Here we are shown that God gave Adam special revelation concerning the nature of eating of the tree of the knowledge of good and evil. Eating of the tree, in short, is identified as bad, as deserving of punishment. Note that God does not say this on the basis of the fruit itself, nor on the basis of the effect that would result from eating of the fruit. Instead, the eating the fruit is identified as bad because God has decreed it to be so. God’s knowledge of the tree depends on his being God, not on the tree having certain properties that you or I can observe, taste, touch, or infer general conclusions from. The very commandment itself demonstrates that knowledge of the action could not be based upon experience, or upon man’s apprehension of the action and its properties, for the very act of doing this was itself sin.
Yet what does the Scripture say Eve did? Genesis 3:6 —
…when the woman saw that the tree was good for food, and that it was a delight to the eyes, and that the tree was to be desired to make one wise, she took of its fruit and ate, and she also gave some to her husband who was with her, and he ate.
The serpent contradicted God’s declaration concerning the nature of the action of eating the forbidden fruit, and the woman went along with his denial of God’s Word. And this is important to note, because the “badness” of the fruit was not inherent to the fruit itself, i.e. to any observable property, but to God’s decree. Thus, while it is true that to Eve the fruit was good for food, a delight to the eyes, and to be desired to make one wise, that doesn’t change the fact that it was not good, and eating it constituted a sin against God.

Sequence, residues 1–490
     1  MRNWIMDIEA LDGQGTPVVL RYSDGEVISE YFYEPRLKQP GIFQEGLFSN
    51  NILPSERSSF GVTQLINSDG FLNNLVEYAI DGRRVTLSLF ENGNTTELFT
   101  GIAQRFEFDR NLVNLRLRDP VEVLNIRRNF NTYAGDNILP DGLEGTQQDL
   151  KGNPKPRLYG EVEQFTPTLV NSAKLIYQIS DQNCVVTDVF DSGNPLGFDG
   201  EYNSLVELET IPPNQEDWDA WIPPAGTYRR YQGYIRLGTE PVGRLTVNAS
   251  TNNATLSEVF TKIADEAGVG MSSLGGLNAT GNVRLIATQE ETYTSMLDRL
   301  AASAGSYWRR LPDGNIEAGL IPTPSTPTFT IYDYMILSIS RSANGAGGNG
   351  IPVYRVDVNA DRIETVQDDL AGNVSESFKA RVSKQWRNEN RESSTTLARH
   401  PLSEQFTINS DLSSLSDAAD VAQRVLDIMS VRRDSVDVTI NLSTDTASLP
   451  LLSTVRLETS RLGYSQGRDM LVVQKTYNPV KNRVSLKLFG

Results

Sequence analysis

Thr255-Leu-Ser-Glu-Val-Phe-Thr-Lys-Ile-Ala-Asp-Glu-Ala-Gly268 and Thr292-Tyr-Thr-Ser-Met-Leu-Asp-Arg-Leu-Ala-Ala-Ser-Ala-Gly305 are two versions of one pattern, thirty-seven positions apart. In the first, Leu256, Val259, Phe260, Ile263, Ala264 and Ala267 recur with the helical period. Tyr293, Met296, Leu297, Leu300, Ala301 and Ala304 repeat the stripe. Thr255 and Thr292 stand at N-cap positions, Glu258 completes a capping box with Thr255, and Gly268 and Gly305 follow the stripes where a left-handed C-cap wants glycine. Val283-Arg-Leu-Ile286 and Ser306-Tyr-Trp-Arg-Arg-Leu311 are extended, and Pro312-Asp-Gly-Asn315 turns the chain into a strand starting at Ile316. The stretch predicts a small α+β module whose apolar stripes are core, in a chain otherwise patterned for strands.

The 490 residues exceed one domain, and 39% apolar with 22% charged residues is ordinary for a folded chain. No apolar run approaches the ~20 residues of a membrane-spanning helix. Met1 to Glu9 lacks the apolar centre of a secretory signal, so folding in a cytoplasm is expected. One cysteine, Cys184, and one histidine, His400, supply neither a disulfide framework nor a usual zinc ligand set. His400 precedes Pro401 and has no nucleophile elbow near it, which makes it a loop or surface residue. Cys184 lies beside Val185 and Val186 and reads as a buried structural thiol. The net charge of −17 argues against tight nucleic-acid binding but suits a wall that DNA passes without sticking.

God’s Word defined the fruit and the action of eating the fruit. The fruit was not good for consumption because God had said so. The action of eating the fruit was a sin because had declared it to be so. And no matter what Eve observed, no matter what she believed made the fruit good, and no matter what she believed made eating the fruit good — God’s Word was fixed.
Eve could not learn something about the fruit that would change its very nature.
Nor could she learn anything about eating the fruit that would justify her breaking God’s command.
Things are what God says they are, not necessarily what we observe about them.
The Absence of Common Sense & The Resurrection of the Dead